Finland Pulls Suspected Counterfeit Cancer Drug From Hospitals

As reported by YLE, Fimea, Finland’s pharmaceutical watchdog group, recently ordered hospitals around the country to immediately stop using a shipment of Velcade, a cancer drug, because they suspected the shipment to be counterfeit. This shipment arrived in the country in December and a total of nine packages had been used before the recall was ordered.

Fimea is conducting an investigation to confirm if this is actually a case of counterfeit medicines, but it wouldn’t be the first time counterfeit Velcade showed up in a European country. According to Securing Industry, suspected counterfeit Velcade has already been found in Germany, the Netherlands, and Denmark. Fimea stated that the drugs are “suspected of being inaccurate at least as regards the labelling of the drug.” Possible explanations for the inaccurate labels include substitution of a less expensive generic version of the drug, relabeling of expired Velcade or the introduction of drugs diverted from the legitimate supply chain.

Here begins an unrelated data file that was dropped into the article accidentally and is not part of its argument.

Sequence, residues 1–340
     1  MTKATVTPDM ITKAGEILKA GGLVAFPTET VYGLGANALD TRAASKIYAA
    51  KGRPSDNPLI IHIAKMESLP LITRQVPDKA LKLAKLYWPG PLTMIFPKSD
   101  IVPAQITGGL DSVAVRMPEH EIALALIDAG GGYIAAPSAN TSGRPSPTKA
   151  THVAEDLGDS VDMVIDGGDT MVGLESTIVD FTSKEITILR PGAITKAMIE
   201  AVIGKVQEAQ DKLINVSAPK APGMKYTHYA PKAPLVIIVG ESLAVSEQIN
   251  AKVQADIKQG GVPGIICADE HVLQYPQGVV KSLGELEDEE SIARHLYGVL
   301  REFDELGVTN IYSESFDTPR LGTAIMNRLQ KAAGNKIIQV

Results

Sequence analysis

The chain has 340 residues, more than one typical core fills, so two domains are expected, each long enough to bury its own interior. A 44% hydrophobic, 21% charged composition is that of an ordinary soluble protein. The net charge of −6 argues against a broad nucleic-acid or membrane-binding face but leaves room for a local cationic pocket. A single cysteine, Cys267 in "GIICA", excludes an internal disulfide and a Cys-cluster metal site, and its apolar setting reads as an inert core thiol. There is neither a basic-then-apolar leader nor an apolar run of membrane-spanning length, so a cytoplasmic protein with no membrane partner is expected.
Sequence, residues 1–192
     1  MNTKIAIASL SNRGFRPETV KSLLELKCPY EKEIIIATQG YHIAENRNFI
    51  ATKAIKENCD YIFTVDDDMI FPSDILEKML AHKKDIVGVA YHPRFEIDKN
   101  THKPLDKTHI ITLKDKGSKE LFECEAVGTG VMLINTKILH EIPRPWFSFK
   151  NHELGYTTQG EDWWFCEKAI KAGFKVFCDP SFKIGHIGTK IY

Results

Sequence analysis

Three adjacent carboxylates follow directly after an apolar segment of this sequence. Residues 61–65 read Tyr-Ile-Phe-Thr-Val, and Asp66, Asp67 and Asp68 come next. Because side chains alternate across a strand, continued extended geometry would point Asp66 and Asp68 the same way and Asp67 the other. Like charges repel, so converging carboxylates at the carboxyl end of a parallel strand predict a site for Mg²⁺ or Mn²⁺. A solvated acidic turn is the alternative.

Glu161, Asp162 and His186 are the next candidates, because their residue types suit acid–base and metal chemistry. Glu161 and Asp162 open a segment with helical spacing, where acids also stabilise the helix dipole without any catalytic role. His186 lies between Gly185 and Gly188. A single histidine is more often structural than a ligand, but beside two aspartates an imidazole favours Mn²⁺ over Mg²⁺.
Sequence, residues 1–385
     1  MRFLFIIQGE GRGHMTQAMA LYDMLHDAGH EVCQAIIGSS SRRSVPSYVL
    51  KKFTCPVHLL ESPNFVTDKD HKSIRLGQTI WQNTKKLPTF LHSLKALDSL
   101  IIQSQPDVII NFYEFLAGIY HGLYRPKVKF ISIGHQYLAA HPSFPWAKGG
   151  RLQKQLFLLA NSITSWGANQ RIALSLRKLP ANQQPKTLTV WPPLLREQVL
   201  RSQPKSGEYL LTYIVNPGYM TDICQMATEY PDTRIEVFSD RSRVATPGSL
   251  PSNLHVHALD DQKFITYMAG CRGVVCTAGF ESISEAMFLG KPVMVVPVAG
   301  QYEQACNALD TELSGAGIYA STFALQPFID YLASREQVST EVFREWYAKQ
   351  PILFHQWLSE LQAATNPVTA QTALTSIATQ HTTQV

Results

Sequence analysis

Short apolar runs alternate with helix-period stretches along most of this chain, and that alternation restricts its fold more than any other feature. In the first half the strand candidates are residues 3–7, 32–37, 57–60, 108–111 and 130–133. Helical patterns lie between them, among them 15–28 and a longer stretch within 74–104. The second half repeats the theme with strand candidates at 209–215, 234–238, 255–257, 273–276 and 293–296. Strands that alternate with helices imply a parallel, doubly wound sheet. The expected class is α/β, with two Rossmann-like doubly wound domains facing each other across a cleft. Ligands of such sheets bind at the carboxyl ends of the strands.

This incident marks potentially the second time that counterfeit drugs have found their way into Finland’s hospitals. Four years ago, Fimea said a counterfeit breast cancer drug Herceptin was discovered in the country. Counterfeit Herceptin was also discovered in the United Kingdom and Germany.